Dizzee Rascal's snare drum flies all over the place on Showtime, his second album. The London-based hip-hop producer and rapper's 2003 debut, Boy in Da Corner, was a series of urgent, jerky exclamation points that came out of nowhere and snagged Britain's coveted Mercury Prize. And Showtime is even better, despite the fact that lyrically he still leans way too much on the standard subjects, which apparently transcend oceans and borders: power, money, girls, pride -- and not necessarily in that order.
Luckily, his patois is often impenetrable to American ears -- half the time he could be rhyming about British foreign policy or English setters, and we wouldn't be any the wiser. Rascal's closest rapping kindred is Chicago's Twista: Both conjure rap and Jamaican toasting, and spit their rhymes with a drum-roll urgency. The difference, of course, is that Dizzee Rascal isn't annoying and one-dimensional. Rather, Rascal's Cockney-esque patois jumps high and low within his register, simultaneously random and ordered. He actually sounds a bit like another Diz -- Gillespie -- who scrambled his trumpet the way Rascal scrambles his verbal delivery. Both are masters at improvising jumpy chaos atop a structured foundation.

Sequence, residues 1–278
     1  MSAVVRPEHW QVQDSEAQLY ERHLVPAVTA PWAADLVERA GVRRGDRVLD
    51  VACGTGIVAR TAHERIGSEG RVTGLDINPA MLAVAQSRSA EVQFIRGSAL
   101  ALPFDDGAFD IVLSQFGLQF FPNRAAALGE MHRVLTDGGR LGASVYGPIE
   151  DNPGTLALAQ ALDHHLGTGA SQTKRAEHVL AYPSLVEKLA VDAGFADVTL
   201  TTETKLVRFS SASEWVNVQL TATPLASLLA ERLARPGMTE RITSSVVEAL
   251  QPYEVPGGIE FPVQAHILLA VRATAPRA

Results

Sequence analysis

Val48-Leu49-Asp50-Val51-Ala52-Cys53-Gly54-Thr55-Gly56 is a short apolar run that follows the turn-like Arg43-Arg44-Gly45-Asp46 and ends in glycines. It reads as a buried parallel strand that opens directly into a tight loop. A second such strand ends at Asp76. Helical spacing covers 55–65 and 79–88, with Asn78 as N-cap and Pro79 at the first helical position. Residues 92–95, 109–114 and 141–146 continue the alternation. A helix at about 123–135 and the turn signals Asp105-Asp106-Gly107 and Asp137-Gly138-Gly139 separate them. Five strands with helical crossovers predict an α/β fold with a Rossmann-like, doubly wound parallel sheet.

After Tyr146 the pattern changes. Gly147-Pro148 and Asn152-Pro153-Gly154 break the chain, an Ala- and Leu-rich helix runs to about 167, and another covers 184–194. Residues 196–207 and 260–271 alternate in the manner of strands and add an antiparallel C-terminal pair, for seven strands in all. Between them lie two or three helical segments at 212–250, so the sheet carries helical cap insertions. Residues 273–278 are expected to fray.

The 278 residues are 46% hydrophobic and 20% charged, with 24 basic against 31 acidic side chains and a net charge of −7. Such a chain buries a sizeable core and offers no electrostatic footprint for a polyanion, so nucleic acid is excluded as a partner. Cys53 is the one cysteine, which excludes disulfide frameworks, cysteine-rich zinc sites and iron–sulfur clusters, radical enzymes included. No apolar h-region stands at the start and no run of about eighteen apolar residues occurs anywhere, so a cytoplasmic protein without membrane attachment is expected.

Rascal sparkles brightest as a producer. He's got his own sound, and it's decidedly, defiantly European. Where American hip-hop producers have, for the most part, ignored European techno and drum 'n' bass, Rascal was reared on the deep synthetic hums and rhythms of the music, as well as house, hip-hop, dancehall and UK garage. The result is an insistent, wholly unique hybrid. "Learn" is deep crunk emulsified, rigid but funky, with a tight loop of church organ locked inside a deliberate, lumbering beat. "Hype Talk" channels the Aphex Twin; a delicate, sibilant rhythmic hiss drifts above as a simple four-note melody plings past. And the first single, "Stand Up Tall," is a raucous, digital workout that wouldn't be out of place on an Autechre album. Showtime confirms Dizzee Rascal's place as the most exciting anomaly working hip-hop in 2004.